Treatment of Fatigue in Patients with Depression or Bipolar

Peter ForsterBipolar Treatment, Diagnosis, Physical Conditions and Health, Treatments of Depression

Treatment of depression in patients with depression or bipolar is often complicated. If medications are prescribed, will they make mood symptoms worse, or have other significant adverse effects?

And yet fatigue is common in people with a history of depression (it occurs in up to 10% of the general population and is much more common in women, who have a higher rate of depression).

And symptoms of fatigue may last well beyond the other symptoms of depression.

A thoughtful assessment begins with an assessment of the nature of the symptoms. Are we talking about trouble initiating any activity (generalized weakness), or trouble concentrating (mental fatigue) or a reduction in the capacity for sustained physical activity (easy fatiguability)? Some people have a mixture of these, but figuring out what type of fatigue is most prominent can be helpful in determining what the cause of the fatigue is.

A careful evaluation for physical causes is in order.

Among causes to rule out are –

  • Medications (especially high blood pressure medicines, medicines for sleep, and some antidepressants and mood stabilizers)
  • Thyroid disease
  • Low cortisol (adrenal insufficiency)
  • Chronic kidney or liver failure
  • Heart or lung diseases (associated with shortness of breath)
  • Anemia
  • Cancer (if there is significant unexplained weight loss)
  • Infections (mononucleosis, CMV, hepatitis, HIV, parasites, especially if you have been traveling recently)
  • Sleep disturbances (obstructive sleep apnea, restless legs, severe allergies)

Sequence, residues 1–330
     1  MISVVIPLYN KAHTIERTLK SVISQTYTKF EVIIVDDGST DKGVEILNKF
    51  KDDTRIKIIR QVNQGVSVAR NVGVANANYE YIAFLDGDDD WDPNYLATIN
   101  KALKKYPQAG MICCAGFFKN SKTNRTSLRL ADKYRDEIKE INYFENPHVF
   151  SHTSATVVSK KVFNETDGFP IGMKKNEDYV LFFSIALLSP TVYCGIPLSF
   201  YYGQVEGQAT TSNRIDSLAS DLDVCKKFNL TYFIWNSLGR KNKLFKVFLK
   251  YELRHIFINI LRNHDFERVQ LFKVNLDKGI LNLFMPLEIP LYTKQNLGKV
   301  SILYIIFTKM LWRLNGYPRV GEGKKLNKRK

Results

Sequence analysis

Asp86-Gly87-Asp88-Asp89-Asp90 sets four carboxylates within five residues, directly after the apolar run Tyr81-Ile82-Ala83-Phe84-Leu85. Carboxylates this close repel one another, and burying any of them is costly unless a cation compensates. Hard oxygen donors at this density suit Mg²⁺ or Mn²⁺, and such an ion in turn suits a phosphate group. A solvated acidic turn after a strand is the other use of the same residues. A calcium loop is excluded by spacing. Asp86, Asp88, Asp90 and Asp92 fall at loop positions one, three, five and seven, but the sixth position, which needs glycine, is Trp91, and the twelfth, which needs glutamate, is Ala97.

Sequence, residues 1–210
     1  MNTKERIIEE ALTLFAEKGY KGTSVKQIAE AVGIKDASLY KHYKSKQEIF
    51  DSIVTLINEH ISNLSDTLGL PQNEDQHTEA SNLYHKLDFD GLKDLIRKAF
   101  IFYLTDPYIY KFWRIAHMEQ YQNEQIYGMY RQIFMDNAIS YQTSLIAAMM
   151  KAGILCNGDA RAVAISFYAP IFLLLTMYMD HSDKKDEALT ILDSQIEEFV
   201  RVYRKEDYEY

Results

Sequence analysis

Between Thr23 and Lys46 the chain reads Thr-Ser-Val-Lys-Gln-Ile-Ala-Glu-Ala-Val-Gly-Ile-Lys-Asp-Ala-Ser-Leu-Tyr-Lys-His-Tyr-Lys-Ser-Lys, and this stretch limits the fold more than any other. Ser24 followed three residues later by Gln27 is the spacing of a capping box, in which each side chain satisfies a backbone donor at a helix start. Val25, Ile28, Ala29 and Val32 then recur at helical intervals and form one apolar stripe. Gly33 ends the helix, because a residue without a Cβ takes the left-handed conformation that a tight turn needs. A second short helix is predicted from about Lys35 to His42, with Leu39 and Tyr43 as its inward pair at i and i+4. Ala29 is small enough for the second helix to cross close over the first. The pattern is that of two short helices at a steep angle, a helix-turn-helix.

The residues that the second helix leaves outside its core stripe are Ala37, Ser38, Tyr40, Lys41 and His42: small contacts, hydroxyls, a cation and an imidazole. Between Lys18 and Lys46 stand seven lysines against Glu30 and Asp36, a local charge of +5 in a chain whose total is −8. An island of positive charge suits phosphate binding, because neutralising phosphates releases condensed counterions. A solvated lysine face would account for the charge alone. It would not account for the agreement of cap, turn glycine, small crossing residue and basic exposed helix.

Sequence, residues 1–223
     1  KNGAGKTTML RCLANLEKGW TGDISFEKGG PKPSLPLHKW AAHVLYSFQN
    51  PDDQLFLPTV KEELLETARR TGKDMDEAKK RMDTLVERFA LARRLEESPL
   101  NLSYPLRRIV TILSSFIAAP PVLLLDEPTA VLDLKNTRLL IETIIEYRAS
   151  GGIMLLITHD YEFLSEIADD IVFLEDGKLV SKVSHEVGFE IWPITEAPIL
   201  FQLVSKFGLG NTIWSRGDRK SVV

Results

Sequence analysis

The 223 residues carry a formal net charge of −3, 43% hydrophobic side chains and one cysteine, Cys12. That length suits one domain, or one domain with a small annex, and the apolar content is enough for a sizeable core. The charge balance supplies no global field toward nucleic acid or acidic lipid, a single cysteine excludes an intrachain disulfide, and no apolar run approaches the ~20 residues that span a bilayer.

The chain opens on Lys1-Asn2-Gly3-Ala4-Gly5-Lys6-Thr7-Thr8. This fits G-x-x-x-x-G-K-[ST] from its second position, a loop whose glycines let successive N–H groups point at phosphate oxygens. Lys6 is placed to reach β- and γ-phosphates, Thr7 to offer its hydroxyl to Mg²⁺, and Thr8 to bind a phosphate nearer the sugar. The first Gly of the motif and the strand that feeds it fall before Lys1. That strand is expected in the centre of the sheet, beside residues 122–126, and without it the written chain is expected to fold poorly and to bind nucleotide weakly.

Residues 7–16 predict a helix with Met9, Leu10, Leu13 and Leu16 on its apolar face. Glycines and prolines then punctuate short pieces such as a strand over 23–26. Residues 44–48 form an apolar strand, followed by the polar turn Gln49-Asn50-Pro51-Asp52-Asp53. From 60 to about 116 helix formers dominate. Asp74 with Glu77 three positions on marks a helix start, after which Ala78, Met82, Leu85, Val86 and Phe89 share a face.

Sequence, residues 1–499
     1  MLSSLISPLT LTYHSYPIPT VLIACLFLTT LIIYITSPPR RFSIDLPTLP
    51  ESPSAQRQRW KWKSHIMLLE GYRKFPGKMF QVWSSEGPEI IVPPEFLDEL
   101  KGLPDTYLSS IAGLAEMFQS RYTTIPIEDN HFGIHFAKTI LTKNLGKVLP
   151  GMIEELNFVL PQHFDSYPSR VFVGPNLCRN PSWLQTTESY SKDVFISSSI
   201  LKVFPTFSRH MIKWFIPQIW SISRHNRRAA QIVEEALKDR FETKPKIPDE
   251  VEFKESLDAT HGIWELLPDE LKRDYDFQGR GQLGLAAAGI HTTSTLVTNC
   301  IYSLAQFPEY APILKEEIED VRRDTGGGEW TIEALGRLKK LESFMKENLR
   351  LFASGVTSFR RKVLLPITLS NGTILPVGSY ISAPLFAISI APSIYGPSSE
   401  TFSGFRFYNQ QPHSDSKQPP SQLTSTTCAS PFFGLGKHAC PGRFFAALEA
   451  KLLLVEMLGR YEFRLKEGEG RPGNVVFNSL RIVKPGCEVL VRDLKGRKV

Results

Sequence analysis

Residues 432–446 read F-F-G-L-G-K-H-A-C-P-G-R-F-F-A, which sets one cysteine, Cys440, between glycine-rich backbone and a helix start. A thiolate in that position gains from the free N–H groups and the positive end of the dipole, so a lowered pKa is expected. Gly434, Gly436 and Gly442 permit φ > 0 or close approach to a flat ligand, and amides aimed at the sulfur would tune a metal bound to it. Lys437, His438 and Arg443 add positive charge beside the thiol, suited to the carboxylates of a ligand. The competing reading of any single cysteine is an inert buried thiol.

• Chronic fatigue syndrome (a relatively rare condition with specific criteria)
  • Fibromyalgia (associated with tender points on the body)
  • Idiopathic (or “Other”)

After a careful history, lab studies and appropriate physical examination, a fair number of people will end up with “Idiopathic Fatigue.”

What can or should be done for them.

A thoughtful evaluation of diet is in order. And assessment of their level of physical activity as well (fatigue can be caused by chronic inactivity, but it can also occur when someone starts overtraining, graduated physical activity is the best approach).

And then it may be time to consider stimulants. A recent review of this topic (“The use of stimulant medications for non-core aspects of ADHD and in other disorders” in Neuropharmacology 2014 [in press]) concluded that the evidence was reasonably strong and consistent that some patients with recurrent depression, and perhaps even some patients with bipolar, might benefit from a trial of methylphenidate or lisdexamfetamine.

Needless to say, this is an experimental treatment that would require thoughtful assessment of the risks and benefits and careful monitoring.